Matt Bentley catches up with Jon Gomm.
So, I've never performed an interview before and I want the first one to be a good do. I get together my grandad's '70s tape deck, an old microphone, my finest flat cap (which I eventually decide not to wear) and an ancient tape which, it transpires, has ADF on it.
And now I find myself driving over to Jon Gomm's house. Normally this is in relation to some gig or other, or I'd be picking him up for a trip to an open mic night. Tonight however it's with the rather odd intention of asking him a bunch of pre-set questions that I'd written on my lunch break at work a couple of days earlier.
When I spoke to him on the phone we'd decided to play things by ear, so I don't know where we're going to end up yet. I knock on the door, and when Jon answers he tells me he's in the process of fixing a passion-fruit plant to his washing line... as you do.
I wander through to the back yard to be confronted by the enormous climbing plant. Jon tells me that it has grown so much that it seems to have taken over the whole garden. In the process it colonised the washing line, which finally gave up the ghost and snapped in the high winds of the previous night.
In an effort to save the plant, Jon is tying it back up with an entire roll of string, winding it round and round the plant and then knotting it to two metal posts, one at either end of the garden. I marvel the difference between us - I'd have cut the whole thing back the moment it got to the washing line, but Jon seems to have a more laid back attitude to the whole affair, and dare I suggest a greater respect for living things. Or maybe he just likes fruit more than washing lines.
Whatever, when the plant rescue is complete, Jon says he needs a pint, and we suggest a couple of places before landing upon our old favourite; The Grove. We hop in my car, which is an utter tip as always, and drive down to the pub.
Jon gets the pints in - a pint of Moorhouse's Pride of Pendle for me, being a Burnley lad - while I set up my equipment in a small room off to the side of the bar, possibly called The Snug. When Jon arrives with the drinks I get my questions out, and ask him if he'd like to have a look at them first, but he tells me he'd rather it was a surprise.
We have a quick conversation about pork scratchings, as Jon cracks open a pack to eat during the interview, and he asks me if I've ever shaved my crackling; an Alan Partridge reference. As I laugh, I press record on the tape player, but the first attempt at starting the interview is abortive; the record button pops back up about ten seconds in. After that however things run more smoothly.
Interviewer (MB): Jon, what've you been up to recently?
Jon Gomm (JG): My recent life has mainly consisted of driving round to different festivals and playing in different places. I did acoustic gathering in Scarborough the day before yesterday which is a thing they do every year in the park, around the lake, where the stage is a pagoda in the middle of the lake. You get transported out to it on the back of a motorised swan!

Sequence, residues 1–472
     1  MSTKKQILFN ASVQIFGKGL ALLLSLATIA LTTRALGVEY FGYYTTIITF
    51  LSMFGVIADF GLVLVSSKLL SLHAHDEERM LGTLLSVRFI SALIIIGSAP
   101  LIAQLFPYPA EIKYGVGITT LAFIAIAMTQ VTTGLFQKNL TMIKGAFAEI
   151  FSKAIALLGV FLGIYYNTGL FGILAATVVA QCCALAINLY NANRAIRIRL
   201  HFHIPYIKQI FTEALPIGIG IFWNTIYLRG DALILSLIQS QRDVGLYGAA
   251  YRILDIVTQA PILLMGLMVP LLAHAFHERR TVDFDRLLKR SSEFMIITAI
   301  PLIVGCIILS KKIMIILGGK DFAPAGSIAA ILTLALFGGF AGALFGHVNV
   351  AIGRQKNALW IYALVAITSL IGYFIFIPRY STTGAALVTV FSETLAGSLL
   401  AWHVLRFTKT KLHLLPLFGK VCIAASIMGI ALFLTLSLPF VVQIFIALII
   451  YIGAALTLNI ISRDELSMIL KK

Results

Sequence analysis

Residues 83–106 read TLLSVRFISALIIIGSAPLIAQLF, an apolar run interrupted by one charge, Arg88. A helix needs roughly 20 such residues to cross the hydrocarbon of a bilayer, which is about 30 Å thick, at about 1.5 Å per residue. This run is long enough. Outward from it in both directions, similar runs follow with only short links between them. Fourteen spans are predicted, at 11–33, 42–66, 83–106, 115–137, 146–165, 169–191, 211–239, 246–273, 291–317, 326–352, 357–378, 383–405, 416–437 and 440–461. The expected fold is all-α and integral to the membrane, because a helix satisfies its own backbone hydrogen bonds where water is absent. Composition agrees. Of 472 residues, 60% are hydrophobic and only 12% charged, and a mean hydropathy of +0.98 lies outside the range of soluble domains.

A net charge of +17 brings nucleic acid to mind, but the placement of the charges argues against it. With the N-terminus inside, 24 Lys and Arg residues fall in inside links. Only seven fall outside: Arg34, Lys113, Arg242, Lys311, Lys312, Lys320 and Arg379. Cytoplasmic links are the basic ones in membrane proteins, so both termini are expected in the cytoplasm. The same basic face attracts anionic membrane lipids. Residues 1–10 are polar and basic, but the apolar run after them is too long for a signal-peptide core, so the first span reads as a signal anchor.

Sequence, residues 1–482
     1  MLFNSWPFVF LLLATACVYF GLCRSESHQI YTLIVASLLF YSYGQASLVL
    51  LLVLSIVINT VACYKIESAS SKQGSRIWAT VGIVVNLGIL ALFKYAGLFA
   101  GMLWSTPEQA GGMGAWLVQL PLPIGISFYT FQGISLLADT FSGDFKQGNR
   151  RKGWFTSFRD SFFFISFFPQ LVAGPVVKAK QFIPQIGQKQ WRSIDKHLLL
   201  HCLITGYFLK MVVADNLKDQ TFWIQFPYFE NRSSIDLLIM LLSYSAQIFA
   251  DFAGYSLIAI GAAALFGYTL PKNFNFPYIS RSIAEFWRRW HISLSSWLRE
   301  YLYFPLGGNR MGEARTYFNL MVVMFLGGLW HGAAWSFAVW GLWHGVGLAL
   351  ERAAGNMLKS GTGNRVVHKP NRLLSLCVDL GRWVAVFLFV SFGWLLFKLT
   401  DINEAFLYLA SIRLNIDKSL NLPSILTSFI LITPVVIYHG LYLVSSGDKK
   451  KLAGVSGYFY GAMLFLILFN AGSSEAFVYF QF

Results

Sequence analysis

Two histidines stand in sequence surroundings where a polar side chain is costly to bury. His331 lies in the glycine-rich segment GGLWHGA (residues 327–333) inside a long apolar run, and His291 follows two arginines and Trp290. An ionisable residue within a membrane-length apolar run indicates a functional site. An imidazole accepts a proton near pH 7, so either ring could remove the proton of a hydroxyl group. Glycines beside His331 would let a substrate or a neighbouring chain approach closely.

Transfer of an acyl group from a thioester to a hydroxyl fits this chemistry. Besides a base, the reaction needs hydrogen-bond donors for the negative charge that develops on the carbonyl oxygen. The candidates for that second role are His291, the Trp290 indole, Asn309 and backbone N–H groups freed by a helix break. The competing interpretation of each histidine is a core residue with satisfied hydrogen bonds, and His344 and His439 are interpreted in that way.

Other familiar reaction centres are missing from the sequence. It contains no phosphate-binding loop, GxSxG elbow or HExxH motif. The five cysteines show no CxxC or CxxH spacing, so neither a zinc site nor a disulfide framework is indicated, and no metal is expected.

I really enjoyed playing it. It's odd because it's dark on the lake while the audience is on the bank, so you can't see anything apart from the black water, and you feel very isolated and alienated from the audience. But I really enjoyed it.
MB: Would it have been better if it had been a pedalo swan and you had been rowed out by some grumbling minion?...
JG: Yeah... haha... (in the voice of Igor) Almotht there marthter...
MB: Sort of like the Scarborough Styx...
JG: I couldn't have got my gear on the back of a pedalo... But it was great fun. The after-show party was a bit mad. People keep telling me stuff that happened that I can't remember.
MB: Did you have a few beers then?
JG: I did, because they were putting me up for the night, so I took advantage of the opportunity.
MB: Ok... I know as well as the gigs and festivals you've been playing, you've also been preparing for a run of showcase gigs you have coming up. Can you tell me a bit more about those?
JG: They start on 30th October, and we're doing a gig every month right here at The Grove - and we didn't even come here on purpose tonight. Basically, it's going to be showcasing some of the great people I've played with over years. I've invited them to play as my special guest, and I'm going to do an opening set at each gig.
Hopefully it'll give me a kick up the arse to play some new songs - I do have some new things; I was playing a brand new song last night. If I'm playing each month at the same venue I'm going to have to try some new stuff, as you're going to get the same people coming down to each gig, to some extent. It's quite exciting for me.
My guests are then going to play a set, and we're going to do a few songs together at the end. We've got Brendan Croker, who's the only Leeds resident who's playing; he's playing the first night. Then we have Amrit Sond who was born in Africa, moved to Kuwait, then to Canada, and then to London - he's got a Grammy, and is an incredible guitarist...
MB: I understand you moved from Blackpool to Leeds...
JG: Haha, yeah, not quite so exotic. Rather than soaking up the influences of music from around the world, I've soaked up cabaret and erm... Yorkshire folk I guess... But yeah, we've got some really special guests coming, and I've got really high hopes for the nights. I've actually done this sort of thing before in 2005 at the Mixing Tin, called The Collaborators.
Brendan Croker started that night in 2004 and got me to be one of his guests. He did six of the nights, and his last gig was with Steve Phillips, both former Notting Hillbillies... it was an amazing gig. Then he passed the baton to me, and I did six, and then Natasha, my Mrs, did the next six with her band, again with a special guest each month... she sings and plays saxophone.